Beryl Vertue

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Beryl Vertue
CBE
Born Beryl Frances Vertue
1931 (age 85–86)
Nationality British
Occupation Television producer, media executive, former agent
Works Directed Men Behaving Badly
Children 2, including Sue Vertue

Beryl Frances Vertue CBE (born 1931) is an English television producer, media executive, and former agent. She is founder and chairwoman of the independent television production company Hartswood Films.

Biography[edit]

A former school friend of comedy writer Alan Simpson, Vertue was invited to join what was soon to become "Associated London Scripts" as a secretary-cum-girl Friday. She later found that she had become an agent, almost by stealth at ALS, representing comedy writers Spike Milligan, Eric Sykes, Johnny Speight, Ray Galton and Alan Simpson and Terry Nation (for whom she famously negotiated to partially keep his rights to his Dalek creation for Doctor Who). She also represented comedians Tony Hancock (until 1961) and Frankie Howerd.[1]

In 1967 she joined the Stigwood Organisation, which had absorbed ALS, specialising in selling British television formats to America. These successes included Steptoe and Son, which became in the US Sanford and Son, and Till Death Us Do Part, which was turned into All in the Family.[2] In 1975 she was a co-executive producer of the cinema version of The Who's rock opera Tommy, directed by Ken Russell and starring Roger Daltrey.

In the 1980s Vertue formed Hartswood Films, which has produced many comedies including Men Behaving Badly, Is It Legal?, and Coupling. The latter was produced by her daughter Sue Vertue and written by son-in-law Steven Moffat. She also served as executive producer of their dramatic series Sherlock.

Personal life[edit]

Vertue has two daughters, Sue and Debbie Vertue. Her daughter Sue is married to writer and producer Steven Moffat, of Doctor Who and Sherlock fame.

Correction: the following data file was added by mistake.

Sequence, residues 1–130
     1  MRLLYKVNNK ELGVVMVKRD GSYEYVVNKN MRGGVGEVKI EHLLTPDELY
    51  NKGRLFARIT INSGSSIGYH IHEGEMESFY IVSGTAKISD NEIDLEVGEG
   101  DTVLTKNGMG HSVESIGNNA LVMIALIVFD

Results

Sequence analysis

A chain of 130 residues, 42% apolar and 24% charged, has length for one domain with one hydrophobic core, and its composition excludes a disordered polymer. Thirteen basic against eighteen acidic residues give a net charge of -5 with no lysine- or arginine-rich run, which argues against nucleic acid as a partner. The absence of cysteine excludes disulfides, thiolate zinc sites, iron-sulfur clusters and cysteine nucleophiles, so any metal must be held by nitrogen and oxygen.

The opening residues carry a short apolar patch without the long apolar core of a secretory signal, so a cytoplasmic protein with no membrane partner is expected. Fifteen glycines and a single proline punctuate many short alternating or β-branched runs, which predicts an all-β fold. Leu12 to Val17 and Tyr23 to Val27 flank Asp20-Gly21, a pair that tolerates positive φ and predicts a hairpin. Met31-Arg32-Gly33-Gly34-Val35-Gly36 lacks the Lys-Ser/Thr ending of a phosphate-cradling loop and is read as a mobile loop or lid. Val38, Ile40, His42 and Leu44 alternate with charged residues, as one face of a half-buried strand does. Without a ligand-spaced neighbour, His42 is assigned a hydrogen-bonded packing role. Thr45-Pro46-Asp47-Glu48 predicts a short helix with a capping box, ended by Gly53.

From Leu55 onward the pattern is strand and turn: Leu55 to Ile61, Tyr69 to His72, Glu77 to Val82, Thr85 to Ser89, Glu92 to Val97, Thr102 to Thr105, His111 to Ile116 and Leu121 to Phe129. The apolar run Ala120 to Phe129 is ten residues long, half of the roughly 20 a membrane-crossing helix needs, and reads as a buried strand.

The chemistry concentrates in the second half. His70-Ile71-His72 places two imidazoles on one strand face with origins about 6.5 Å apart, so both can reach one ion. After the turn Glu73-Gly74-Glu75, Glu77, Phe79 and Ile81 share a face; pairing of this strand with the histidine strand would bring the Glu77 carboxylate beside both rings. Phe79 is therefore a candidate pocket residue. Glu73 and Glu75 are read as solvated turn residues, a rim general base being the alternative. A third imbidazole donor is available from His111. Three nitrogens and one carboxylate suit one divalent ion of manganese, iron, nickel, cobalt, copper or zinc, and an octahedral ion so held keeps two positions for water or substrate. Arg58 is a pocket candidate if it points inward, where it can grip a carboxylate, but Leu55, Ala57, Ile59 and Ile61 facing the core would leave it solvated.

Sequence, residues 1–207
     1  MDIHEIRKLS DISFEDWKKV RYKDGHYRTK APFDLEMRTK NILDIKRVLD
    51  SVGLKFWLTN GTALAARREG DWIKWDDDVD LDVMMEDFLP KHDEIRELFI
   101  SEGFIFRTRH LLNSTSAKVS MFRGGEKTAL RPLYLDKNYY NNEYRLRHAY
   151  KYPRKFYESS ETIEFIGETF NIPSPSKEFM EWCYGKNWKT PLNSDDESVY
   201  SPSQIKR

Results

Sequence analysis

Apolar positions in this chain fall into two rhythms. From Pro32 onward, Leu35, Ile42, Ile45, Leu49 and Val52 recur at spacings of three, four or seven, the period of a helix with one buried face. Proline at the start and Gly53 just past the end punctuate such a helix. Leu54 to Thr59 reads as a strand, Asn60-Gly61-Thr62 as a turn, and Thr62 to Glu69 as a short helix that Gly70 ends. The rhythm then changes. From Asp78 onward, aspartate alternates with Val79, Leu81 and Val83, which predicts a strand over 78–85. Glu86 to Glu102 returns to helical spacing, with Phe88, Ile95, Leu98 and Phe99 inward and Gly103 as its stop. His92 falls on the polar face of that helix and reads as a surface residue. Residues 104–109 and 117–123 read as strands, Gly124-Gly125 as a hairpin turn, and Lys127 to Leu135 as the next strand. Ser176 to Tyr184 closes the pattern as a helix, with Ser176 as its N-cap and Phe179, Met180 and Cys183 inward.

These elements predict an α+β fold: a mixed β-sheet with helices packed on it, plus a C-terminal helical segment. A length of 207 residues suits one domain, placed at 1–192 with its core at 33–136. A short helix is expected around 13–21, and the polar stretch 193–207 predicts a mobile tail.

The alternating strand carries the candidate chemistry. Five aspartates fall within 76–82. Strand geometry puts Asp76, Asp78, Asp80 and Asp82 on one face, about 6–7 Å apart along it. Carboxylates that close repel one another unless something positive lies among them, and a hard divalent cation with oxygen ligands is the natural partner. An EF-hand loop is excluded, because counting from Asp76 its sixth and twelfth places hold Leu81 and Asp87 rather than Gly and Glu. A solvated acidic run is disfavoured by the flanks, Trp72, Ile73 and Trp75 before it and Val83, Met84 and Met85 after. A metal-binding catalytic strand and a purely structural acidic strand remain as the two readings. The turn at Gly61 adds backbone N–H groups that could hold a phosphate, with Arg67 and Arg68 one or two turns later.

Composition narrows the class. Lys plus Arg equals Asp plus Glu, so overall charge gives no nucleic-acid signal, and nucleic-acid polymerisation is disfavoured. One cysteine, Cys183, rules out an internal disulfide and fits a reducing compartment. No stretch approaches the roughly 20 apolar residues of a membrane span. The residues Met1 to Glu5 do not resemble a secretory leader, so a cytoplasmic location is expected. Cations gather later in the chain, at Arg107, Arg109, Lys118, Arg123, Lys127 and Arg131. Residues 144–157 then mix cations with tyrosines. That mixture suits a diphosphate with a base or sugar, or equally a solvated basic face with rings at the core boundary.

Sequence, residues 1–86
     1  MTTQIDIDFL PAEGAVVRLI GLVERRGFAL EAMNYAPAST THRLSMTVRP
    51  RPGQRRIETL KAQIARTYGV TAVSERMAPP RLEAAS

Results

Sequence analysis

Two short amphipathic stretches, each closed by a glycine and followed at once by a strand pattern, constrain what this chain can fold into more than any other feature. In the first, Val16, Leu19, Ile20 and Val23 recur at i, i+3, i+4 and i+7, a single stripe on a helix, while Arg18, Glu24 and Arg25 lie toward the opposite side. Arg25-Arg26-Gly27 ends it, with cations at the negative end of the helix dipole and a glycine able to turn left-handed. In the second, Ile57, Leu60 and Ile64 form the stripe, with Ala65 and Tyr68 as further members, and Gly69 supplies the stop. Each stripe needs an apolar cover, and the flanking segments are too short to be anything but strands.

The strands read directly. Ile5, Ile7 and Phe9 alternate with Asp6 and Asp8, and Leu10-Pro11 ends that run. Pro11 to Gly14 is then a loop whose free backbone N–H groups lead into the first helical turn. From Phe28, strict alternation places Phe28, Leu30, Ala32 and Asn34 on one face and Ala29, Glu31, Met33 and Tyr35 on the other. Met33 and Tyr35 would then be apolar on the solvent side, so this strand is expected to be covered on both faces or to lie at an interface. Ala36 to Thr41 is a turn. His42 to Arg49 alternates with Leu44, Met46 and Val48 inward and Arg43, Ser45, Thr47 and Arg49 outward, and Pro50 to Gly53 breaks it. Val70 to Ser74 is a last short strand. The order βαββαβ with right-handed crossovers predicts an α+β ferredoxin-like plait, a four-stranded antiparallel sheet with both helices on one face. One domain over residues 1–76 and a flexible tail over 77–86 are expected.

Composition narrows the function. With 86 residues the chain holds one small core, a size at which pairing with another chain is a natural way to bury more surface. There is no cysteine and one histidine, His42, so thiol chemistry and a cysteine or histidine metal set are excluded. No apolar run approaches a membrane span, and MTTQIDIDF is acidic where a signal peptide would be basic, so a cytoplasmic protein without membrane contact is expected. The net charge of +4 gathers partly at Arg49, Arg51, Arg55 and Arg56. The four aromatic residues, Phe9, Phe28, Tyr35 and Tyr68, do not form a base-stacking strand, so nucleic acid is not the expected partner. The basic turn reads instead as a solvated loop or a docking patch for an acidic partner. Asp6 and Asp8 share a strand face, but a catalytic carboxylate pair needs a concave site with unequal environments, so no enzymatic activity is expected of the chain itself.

Honours[edit]

Vertue was appointed Officer of the Order of the British Empire (OBE) in the 2000 New Year Honours for services to television and Commander of the Order of the British Empire (CBE) in the 2016 New Year Honours for services to television drama.[3] In 2004 she received the British Academy Television Awards (BAFTA) Alan Clarke Award for Outstanding Creative Contribution to Television.[1]

On 20 March 2012 she was given a Lifetime Achievement Award at the Royal Television Society Programme Awards, and on 30 March 2012 - she was presented with the Harvey Lee Award for Outstanding Contribution to Broadcasting at the BPG TV and Radio Awards.

On 25 January 2013 Vertue was the guest on BBC Radio 4's Desert Island Discs. Her musical choices were Elton John's "Pinball Wizard", Giacomo Puccini's "Nessun Dorma" Glenn Miller's "Moonlight Serenade", the Bee Gees's "Morning of my Life", the Broadway cast of A Chorus Line performing "Finale", Elaine Paige's "Don't Cry for Me Argentina" from Evita, the London Session Orchestra performance of "SHERlocked" from the Sherlock TV series soundtrack, and Louis Armstrong's performance of "What a Wonderful World".[4]

References[edit]

  1. ^ a b "Beryl Vertue OBE - Producer and Chairman". Hartswood Films. 2012. Retrieved 9 January 2012. 
  2. ^ "Beryl Vertue". BBC. 16 June 2004. Retrieved 9 January 2012. 
  3. ^ "(Supplement) no. 61450". The London Gazette. 30 December 2015. p. N10. 
  4. ^ BBC Radio 4. Desert Island Discs. January 2013, Beryl Vertue.

External links[edit]